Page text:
What has Iran said?
Iran’s foreign minister Javad Zarif tweeted that the UK “must cease being an accessory to #EconomicTerrorism of the US”.
He said Iran guarantees the security of the Gulf and the Strait of Hormuz, and insisted its action were to “uphold international maritime rules”.
What’s the background to this?
The latest developments come against a backdrop of deteriorating relations between Iran and the UK and US.
Tensions between the US and Iran have risen since April, when the US tightened sanctions it had reimposed on Iran after unilaterally withdrawing from a 2015 nuclear deal.
The US blamed Iran for attacks on tankers since May, which Tehran denies. On Friday, the US claimed to have destroyed an Iranian drone in the Gulf.
The UK government has remained committed to the deal, which curbs Iran’s nuclear activities in return for the lifting of sanctions tensions.
However, the UK’s decision to help seize the Iranian tanker Grace 1 earlier this month infuriated Iran.
Last week, Iranian boats attempted to impede a British oil tanker in the region before being warned off by HMS Montrose. Iran denied it was attempting to seize the ship.
A White House National Security Council spokesman said Friday’s incident was the second time in over a week the UK had been “the target of escalatory violence” by Iran.
And US Central Command said it was developing a multinational maritime effort in response to the situation.
The Pentagon has said US troops are being deployed to Saudi Arabia to defend American interests in the region from “emergent credible threats”.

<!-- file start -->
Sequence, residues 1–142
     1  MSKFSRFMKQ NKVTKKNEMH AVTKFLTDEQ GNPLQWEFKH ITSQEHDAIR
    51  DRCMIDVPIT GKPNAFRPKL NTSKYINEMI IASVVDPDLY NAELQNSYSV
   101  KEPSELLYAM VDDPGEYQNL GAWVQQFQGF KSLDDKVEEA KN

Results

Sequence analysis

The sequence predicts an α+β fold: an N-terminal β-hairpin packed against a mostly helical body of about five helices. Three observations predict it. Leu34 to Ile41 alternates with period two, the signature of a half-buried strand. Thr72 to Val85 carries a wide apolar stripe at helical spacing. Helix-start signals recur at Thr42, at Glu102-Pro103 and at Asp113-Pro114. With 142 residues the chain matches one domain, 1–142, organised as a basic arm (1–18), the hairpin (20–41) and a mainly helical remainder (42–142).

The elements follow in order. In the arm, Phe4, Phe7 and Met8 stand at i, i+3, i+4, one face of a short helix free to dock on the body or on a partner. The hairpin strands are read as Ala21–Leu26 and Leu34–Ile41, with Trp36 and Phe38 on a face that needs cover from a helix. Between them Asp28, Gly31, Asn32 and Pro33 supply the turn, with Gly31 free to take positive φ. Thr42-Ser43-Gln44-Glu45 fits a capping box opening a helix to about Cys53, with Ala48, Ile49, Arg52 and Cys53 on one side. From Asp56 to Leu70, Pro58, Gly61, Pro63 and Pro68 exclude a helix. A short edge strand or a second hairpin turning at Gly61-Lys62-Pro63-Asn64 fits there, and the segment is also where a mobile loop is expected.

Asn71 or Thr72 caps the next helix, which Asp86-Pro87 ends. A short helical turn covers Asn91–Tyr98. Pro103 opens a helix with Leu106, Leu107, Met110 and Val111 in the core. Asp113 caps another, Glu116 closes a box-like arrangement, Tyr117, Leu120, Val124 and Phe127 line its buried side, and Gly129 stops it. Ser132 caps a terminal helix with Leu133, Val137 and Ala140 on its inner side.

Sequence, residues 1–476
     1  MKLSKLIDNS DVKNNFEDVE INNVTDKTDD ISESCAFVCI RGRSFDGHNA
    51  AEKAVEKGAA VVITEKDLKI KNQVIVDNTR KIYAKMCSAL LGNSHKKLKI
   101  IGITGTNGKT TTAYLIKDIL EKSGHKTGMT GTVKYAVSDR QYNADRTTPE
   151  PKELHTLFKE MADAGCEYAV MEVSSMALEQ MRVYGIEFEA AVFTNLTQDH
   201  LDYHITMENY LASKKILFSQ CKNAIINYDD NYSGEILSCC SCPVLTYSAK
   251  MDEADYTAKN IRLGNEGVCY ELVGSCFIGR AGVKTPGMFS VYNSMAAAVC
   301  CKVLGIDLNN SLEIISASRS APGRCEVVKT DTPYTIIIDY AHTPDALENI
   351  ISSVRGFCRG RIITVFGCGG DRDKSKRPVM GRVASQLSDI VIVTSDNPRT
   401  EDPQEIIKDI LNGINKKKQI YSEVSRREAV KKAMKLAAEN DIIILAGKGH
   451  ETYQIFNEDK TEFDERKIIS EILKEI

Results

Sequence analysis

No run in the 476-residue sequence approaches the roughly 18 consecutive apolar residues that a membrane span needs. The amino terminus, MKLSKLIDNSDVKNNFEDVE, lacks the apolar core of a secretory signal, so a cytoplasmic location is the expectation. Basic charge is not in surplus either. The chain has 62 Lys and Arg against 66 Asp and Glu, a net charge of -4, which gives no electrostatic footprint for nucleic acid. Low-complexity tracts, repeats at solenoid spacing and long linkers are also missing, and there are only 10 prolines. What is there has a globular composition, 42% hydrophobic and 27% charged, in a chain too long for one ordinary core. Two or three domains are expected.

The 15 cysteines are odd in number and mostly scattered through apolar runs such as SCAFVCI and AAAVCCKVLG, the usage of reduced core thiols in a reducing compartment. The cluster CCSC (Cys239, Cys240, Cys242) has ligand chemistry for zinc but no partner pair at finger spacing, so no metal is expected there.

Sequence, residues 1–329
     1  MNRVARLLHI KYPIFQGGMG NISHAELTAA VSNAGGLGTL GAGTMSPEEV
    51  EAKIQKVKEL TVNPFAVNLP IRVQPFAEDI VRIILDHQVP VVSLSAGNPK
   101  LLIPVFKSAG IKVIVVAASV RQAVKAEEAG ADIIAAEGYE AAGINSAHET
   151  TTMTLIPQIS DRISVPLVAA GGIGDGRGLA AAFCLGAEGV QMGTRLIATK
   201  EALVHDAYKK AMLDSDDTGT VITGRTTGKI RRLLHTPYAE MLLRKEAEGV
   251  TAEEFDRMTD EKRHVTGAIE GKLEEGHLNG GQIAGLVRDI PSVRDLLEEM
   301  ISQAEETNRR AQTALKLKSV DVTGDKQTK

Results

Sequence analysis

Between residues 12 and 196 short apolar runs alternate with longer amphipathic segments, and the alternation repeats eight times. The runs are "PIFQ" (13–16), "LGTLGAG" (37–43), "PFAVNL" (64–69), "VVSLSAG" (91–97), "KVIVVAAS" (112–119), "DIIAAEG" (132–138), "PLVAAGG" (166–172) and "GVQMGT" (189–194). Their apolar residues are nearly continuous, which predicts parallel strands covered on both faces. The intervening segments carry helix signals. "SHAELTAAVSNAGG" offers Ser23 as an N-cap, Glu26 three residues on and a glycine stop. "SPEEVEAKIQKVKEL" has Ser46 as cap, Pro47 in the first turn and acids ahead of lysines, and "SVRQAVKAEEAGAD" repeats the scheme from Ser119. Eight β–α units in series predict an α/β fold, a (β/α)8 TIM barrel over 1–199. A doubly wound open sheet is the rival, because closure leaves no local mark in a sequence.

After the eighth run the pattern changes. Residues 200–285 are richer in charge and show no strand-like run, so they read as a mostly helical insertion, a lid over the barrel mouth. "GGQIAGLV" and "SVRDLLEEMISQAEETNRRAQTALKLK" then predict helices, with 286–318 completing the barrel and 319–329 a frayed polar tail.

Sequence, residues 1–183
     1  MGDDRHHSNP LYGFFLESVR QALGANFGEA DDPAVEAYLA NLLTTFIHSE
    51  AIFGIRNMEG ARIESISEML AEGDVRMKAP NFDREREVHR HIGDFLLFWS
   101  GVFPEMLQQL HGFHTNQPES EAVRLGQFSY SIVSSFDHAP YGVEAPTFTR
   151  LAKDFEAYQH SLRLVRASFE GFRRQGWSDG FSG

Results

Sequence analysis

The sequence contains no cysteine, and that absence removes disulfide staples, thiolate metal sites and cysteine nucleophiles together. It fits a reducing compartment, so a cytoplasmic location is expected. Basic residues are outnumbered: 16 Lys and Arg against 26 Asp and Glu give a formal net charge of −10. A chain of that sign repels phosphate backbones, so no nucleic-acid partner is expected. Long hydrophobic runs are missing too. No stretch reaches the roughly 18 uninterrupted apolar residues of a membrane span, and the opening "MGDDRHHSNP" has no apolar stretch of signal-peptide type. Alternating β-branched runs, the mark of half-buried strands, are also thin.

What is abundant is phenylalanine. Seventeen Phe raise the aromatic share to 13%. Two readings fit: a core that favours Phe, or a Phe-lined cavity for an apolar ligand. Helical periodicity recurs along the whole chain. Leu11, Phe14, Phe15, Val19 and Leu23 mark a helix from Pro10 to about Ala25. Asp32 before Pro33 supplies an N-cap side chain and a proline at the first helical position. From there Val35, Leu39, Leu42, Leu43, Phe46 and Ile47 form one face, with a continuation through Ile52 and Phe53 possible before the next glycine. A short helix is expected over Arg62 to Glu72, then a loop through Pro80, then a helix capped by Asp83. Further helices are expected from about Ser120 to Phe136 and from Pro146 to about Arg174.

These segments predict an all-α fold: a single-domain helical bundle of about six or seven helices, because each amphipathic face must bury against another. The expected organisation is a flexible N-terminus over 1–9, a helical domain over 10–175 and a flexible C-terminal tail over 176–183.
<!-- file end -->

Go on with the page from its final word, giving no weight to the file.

France, Germany, and the European Union called on the Iranian authorities to quickly release the Stena Impero.
The EU’s foreign affairs office, which represents 28 member states, expressed “deep concern”.
How ‘British’ is the tanker?
Ships must fly the flag of a nation state, explains Richard Meade, managing editor of maritime intelligence publication Lloyd’s List.
But that doesn’t need to be the same nation as its owners, its crew, or its cargo, he says.
The Stena Impero is Swedish-owned and those on board are Indian, Russian, Latvian and Filipino.
But it’s the UK flag that is important symbolically, he says. “Historically speaking it means that the UK owes protection to the vessel.”
“The UK has political responsibilities to anything that is flagged. And that’s why it’s much more serious than if there just happened to be a British captain on board.”
He says the impact on trade in the region had so far been minimal, but warns that if the international community began viewing the Strait of Hormuz as a dangerous place, it could create a “very different” scenario.
The seizing of a British-flagged tanker in Omani waters, empty and inbound to a Saudi port, marks a serious escalation in a whole catalogue of recent incidents in the Gulf.
It comes on the back of the mysterious mining of tankers, the downing of both US and Iranian drones and the near capture of another British-flagged tanker only a few days ago.
Britain wants its response be two things: Measured and multinational.
The government is trying to send a robust message to Iran that this action is unacceptable, not just to the UK but to the rest of the world, but not so robust that it ends up being part of an avoidable US military strike.
This has become a highly volatile situation where not everyone believes in diplomacy. There are figures in Washington who have been pushing for an ever-tougher line with Iran.
And there are figures in Iran, notably in the Revolutionary Guards Corps and the security apparatus, who are quite prepared to push this right up to the brink of a conflict, yet probably stopping just short of one.